A United States Marine has been withdrawn from duty in Fallujah after claims that an apparently injured and unarmed Iraqi prisoner was shot dead in a mosque in the city.
Graphic video footage was shown on American television last night of a US Marine appearing to shoot dead at point-blank range the severely wounded and unarmed man. First aired by NBC, but quickly broadcast by all the major networks, the soldier appeared to turn his weapon on the wounded militant as he lay on the mosque floor.
The Iraqi was one of five wounded prisoners left in the mosque after Marines had fought their way in on Friday and Saturday. The Pentagon said last night that an investigation was under way.
The pool report, by the NBC correspondent Kevin Sites, said that the mosque had been used by insurgents to attack American forces, who stormed it and an adjacent building, killing ten militants and wounding the five.
Mr Sites said that the wounded had been left in the mosque for others to pick up and move to the rear for treatment. No reason was given why that had not happened.
A second group of Marines entered the mosque on Saturday after reports that it had been reoccupied. Footage from the television crew showed the five insurgents still in the mosque, although several appeared to be close to death, Mr Sites said. He said that one Marine noticed one of the prisoners was still breathing.
A Marine can be heard on the footage saying: “He’s f****** faking he’s dead.” The Marine then raises his rifle and appears to fire into the man’s head. Mr Sites said the shot man “did not appear armed or threatening in any way”.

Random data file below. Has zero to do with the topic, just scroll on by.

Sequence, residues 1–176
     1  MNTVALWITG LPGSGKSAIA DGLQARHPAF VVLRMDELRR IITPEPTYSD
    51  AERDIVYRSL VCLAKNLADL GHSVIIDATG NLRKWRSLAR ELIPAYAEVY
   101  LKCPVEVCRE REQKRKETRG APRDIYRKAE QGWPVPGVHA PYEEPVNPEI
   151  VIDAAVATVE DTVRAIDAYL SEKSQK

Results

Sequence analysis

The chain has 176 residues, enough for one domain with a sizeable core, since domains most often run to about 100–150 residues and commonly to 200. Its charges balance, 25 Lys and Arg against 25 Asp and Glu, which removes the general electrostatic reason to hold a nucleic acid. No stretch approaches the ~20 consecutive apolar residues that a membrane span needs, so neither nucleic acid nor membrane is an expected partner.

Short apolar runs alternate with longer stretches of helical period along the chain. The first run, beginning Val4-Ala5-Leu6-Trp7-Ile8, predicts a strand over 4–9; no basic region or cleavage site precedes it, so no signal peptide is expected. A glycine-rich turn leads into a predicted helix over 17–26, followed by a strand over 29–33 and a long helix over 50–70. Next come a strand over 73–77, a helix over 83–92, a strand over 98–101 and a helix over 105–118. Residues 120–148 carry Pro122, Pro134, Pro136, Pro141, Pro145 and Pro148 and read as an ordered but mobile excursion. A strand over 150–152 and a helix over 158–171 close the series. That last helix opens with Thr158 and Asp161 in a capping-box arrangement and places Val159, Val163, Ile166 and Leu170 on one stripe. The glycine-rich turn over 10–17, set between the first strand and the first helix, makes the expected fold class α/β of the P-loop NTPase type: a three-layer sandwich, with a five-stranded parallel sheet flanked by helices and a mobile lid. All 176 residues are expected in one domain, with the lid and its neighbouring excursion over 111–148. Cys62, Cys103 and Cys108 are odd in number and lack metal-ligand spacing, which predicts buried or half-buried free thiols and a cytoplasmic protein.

The First Marine Division is investigating the allegation of the unlawful use of force in the death of an enemy combatant in Fallujah during combat operations on Saturday, according to a military statement.
“We follow the law of armed conflict and hold ourselves to a high standard of accountability,” said Lieutenant General John F. Sattler, the commanding general of the 1st Marine Expeditionary Force. “The facts of this case will be thoroughly pursued to make an informed decision and to protect the rights of all persons involved.”
The investigation, which began as soon as allegations were brought forward, will determine whether the Marine acted in self-defence, violated military law or failed to comply with the law of armed conflict.
Elsewhere in Iraq, about 1,200 US troops began an offensive today to secure part of Mosul, Iraq’s third largest city, from insurgents who have rampaged through the city over the past week.
A US military spokeswoman said the troops, helped by Iraqi security forces, began moving in to secure about a dozen police stations in the western part of the city, closing off Mosul’s five bridges over the River Tigris.
“Offenisve operations have begun on the western side of the river to clear out final pockets of insurgent fighting,” said Captain Angela Bowman.
“It’s a significant operation to secure police stations in the area and make sure that they can be put to use again.”
By Times Online, and Tim Reid in Washington